Tree ADTs


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Begin ↑ Contents: CS2 Binary Trees →

A simple unordered tree; in this diagram, the node labeled 7 has two children, labeled 2 and 6, and one parent, labeled 2. The root node, at the top, has no parent.

A tree is a finite set of elements called nodes. The set is either empty, or consists of a node called the root together with any number of successors which are also trees (subtrees in this case), which are disjoint from each other and from the root. The roots of the subtrees are called children of the root, and there is an edge from each node to its children, and a node is said to be the parent of its children. A node that has at least one child is called an internal node, and a node that has no children is called a leaf node.

More formally, in computer science, a tree is an acyclic connected graph where each node has a set of zero or more children nodes, and at most one parent node.



A node is a structure which may contain a value or a condition or represent a separate data structure or a tree of its own. Each node in a tree has zero or more child nodes two child for binary tree, which are below it in the tree (by convention, trees grow down, not up as they do in nature). A node that has a child is called the child's parent node (or ancestor node, or superior). A node has at most one parent.

The height of a node is the length of the longest downward path to a leaf from that node. The height of the root is the height of the tree. The depth of a node is the length of the path to its root (i.e., its root path). Thus the depth of the root is 0. This is commonly needed in the manipulation of the various self balancing trees, AVL Trees in particular. Conventionally, the value -1 corresponds to a subtree with no nodes, whereas zero corresponds to a subtree with one node. The height of the tree is 1 more than the depth of the deepest node. All nodes at depth d are said to be at level d.

The topmost node in a tree is called the root node. Being the topmost node, the root node will not have parents. It is the node at which operations on the tree commonly begin (although some algorithms begin with the leaf nodes and work up ending at the root). All other nodes can be reached from it by following edges or links. (In the formal definition, each such path is also unique). In diagrams, it is typically drawn at the top. In some trees, such as heaps, the root node has special properties. Every node in a tree can be seen as the root node of the subtree rooted at that node.

Nodes at the bottommost level of the tree are called leaf nodes. Since they are at the bottommost level, they do not have any children. They are also referred to as terminal nodes.

An internal node or inner node is any node of a tree that has child nodes and is thus not a leaf node.

A subtree is a portion of a tree data structure that can be viewed as a complete tree in itself. Any node in a tree T, together with all the nodes below it, comprise a subtree of T. The subtree corresponding to the root node is the entire tree; the subtree corresponding to any other node is called is a proper subtree (in analogy to the term proper subset).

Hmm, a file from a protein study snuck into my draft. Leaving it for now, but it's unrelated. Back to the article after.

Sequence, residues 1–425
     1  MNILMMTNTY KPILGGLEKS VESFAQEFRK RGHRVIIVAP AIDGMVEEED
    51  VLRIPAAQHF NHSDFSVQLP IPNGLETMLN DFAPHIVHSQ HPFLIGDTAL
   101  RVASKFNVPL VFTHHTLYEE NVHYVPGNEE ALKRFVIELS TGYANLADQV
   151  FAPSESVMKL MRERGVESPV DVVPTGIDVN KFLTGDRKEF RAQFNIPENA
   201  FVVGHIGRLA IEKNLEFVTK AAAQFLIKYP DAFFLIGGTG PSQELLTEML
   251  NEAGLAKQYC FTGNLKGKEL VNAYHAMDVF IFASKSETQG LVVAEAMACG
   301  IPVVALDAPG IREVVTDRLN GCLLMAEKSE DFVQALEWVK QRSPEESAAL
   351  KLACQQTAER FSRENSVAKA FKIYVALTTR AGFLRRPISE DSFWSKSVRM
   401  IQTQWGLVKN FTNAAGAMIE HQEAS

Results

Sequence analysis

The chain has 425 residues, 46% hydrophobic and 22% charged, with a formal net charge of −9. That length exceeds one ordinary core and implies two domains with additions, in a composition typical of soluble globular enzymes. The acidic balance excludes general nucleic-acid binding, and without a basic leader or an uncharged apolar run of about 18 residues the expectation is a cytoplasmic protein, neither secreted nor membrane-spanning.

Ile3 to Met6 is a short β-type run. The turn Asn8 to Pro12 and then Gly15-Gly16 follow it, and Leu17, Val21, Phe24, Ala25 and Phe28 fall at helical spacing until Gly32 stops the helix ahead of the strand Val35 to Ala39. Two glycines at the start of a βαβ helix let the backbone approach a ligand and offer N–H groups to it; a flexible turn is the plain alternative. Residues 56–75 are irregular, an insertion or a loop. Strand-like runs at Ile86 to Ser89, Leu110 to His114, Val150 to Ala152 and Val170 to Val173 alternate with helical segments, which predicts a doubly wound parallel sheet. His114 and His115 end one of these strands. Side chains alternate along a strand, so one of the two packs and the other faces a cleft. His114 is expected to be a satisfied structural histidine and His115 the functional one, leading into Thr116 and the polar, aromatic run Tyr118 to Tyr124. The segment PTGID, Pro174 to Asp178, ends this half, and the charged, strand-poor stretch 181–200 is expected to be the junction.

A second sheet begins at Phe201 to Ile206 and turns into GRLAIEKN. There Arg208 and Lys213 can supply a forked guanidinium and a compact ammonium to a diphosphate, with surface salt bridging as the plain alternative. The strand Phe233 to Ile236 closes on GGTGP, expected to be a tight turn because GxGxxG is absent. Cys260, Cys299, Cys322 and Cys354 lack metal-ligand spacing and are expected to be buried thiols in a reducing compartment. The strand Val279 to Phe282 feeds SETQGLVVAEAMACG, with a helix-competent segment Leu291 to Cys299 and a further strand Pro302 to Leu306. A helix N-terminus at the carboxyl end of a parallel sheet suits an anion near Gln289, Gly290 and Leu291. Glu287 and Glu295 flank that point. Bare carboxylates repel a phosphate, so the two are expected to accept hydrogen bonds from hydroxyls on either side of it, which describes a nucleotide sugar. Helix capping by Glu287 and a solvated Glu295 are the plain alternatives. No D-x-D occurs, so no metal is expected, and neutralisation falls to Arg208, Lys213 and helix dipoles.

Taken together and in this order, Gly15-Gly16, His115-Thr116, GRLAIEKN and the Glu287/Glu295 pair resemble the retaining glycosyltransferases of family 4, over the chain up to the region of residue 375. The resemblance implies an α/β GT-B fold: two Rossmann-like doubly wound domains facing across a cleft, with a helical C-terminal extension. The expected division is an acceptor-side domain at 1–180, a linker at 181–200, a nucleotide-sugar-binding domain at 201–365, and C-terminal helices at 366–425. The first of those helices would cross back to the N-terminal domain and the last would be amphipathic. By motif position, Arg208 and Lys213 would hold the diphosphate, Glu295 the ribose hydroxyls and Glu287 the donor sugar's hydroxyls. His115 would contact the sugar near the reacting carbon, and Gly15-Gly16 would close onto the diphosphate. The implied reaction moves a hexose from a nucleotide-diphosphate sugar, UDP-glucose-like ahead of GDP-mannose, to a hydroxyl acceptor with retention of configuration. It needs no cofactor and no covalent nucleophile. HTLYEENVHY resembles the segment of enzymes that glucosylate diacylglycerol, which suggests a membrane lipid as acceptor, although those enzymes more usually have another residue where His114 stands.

Glossary of terms for rooted trees

  • A directed edge refers to the link from the parent to the child (the arrows in the picture of the tree).
  • The root node of a tree is the node with no parents. There is at most one root node in a rooted tree.
  • A leaf node has no children.
  • The depth of a node n is the length of the path from the root to the node. The set of all nodes at a given depth is sometimes called a level of the tree. The root node is at depth zero.
  • The height of a tree is the length of the path from the root to the deepest node in the tree. A (rooted) tree with only a node (the root) has a height of zero.
  • Siblings are nodes that share the same parent node.
  • If a path exists from node p to node q, where node p is closer to the root node than q, then p is an ancestor of q and q is a descendant of p.
  • The size of a node is the number of descendants it has including itself.
  • In-degree of a node is the number of edges arriving at that node.
  • Out-degree of a node is the number of edges leaving that node.
  • Root is the only node in the tree with In-degree = 0


If n1, n2, …, nn is a sequence of nodes in the tree such that ni is the parent of ni+1, then this sequence is called a path. The length of the path is the number of edges, which is one less than the number of node: in this case the length of the path is n-1. If there is a path from a node M to a node N, then N is called a descendent of M and M is called an ancestor of N.


CS2: Data Structures
Theory of Computation - ADT Preliminaries
Linear ADTs - Tree ADTs - Graph ADTs - Unordered Collection ADTs

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